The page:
In June, de Blasio said he’s “not there yet” on legalization but has convened a mayoral task force to determine the “regulatory framework” for legalization. Governor Andrew Cuomo formed a working group in August to draft legislation that would legalize recreational use for adults and is currently holding “listening sessions” on legalization. But the timeline for legalization is still murky.

Kavanagh said that as long as cops are allowed to stop people for marijuana it will “still [be] a way of harassing young Black and brown people even if it’s not then going to be used in a way to give people criminal records.”

Ohio State Rep: If Police Tase or Shoot a Child, She Probably Acted ‘Stupid’ or Was ‘a Punk’

Rep. John Becker doubles down on his recent comments about the tasing of an 11-year-old for allegedly shoplifting.

Ohio state Representative John Becker
Office of Rep. John Becker

Ohio State Rep: If Police Tase or Shoot a Child, She Probably Acted ‘Stupid’ or Was ‘a Punk’

Rep. John Becker doubles down on his recent comments about the tasing of an 11-year-old for allegedly shoplifting.


Cincinnati police officer Kevin Brown’s decision to fire a Taser at an 11-year-old girl suspected of shoplifting from a grocery store in August immediately drew criticism from city officials and advocates.

But Ohio state Representative John Becker had a different take. Had it been his daughter, he announced in an August newsletter, “I’d be ashamed and embarrassed that she did something stupid enough to get herself tased.”

Becker’s remarks appeared in his newsletter “Beckerisms” weeks after the Cincinnati Mayor John Cranley apologized for the officer’s actions and the county prosecutor said the girl would not face charges. An internal review released this month found that the officer had violated multiple rules; a departmental hearing is pending.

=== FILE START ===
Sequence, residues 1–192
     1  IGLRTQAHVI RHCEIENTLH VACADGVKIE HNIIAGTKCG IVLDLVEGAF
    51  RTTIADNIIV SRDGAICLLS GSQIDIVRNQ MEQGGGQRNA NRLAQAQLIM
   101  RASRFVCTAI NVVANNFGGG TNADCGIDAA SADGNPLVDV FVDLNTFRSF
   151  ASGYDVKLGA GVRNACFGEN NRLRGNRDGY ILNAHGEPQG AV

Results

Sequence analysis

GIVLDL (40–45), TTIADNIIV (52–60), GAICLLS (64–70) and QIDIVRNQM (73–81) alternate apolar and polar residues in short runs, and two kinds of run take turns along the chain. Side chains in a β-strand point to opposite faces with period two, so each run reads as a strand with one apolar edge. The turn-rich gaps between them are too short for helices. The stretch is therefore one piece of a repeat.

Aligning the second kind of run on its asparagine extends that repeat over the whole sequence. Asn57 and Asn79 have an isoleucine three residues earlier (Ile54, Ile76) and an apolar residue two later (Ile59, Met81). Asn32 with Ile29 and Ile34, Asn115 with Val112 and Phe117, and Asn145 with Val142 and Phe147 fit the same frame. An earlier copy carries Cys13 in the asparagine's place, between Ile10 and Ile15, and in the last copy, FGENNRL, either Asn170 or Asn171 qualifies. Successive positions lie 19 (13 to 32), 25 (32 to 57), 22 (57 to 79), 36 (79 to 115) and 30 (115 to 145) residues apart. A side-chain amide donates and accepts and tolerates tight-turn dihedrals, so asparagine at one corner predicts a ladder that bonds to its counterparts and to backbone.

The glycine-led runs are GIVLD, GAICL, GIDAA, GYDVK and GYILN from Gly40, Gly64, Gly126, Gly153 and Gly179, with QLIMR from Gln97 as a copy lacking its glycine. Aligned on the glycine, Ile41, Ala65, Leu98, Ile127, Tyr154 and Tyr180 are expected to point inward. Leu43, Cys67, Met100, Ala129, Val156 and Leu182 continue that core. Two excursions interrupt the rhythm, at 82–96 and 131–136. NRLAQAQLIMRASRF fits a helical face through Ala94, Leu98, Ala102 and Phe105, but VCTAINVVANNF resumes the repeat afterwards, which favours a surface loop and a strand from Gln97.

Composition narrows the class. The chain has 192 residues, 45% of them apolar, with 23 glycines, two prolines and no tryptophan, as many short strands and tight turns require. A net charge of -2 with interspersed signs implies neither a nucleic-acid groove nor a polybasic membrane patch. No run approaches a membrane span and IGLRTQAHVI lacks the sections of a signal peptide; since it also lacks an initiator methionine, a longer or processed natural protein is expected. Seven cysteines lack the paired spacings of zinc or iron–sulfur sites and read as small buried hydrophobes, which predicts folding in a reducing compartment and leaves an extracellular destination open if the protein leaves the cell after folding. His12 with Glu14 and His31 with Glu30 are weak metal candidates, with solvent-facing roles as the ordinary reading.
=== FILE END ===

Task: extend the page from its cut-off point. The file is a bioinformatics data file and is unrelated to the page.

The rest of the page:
Becker also addressed police shootings in his newsletter. If his child were shot by police, he wrote, “rather than blaming the cop, I’d be blaming myself and endlessly soul searching to figure out how I failed as a parent and why my kid grew up to be a punk.” He added, “Based on the evidence of what I see on television, it often times appears to me that justice was delivered to the dead punk.”

When he tased the girl on Aug. 6, Brown was working off-duty as a security guard at a Kroger market. Police say he believed the girl was shoplifting. (A report stated that the girl had stolen items, including a backpack, candy, and baby clothes totaling $53.81.) Brown fired his taser from about 10 feet away, striking her body just below her waist.

Body camera video includes Brown telling the girl, after he tased her, “Sweetheart, the last thing I want to do is tase you like that. When I say stop, you stop. You know you’re caught, just stop. That hurt my heart to do that to you. Then I got to listen to all these idiots out here in the parking lot, telling me about how I was wrong for tasing you.”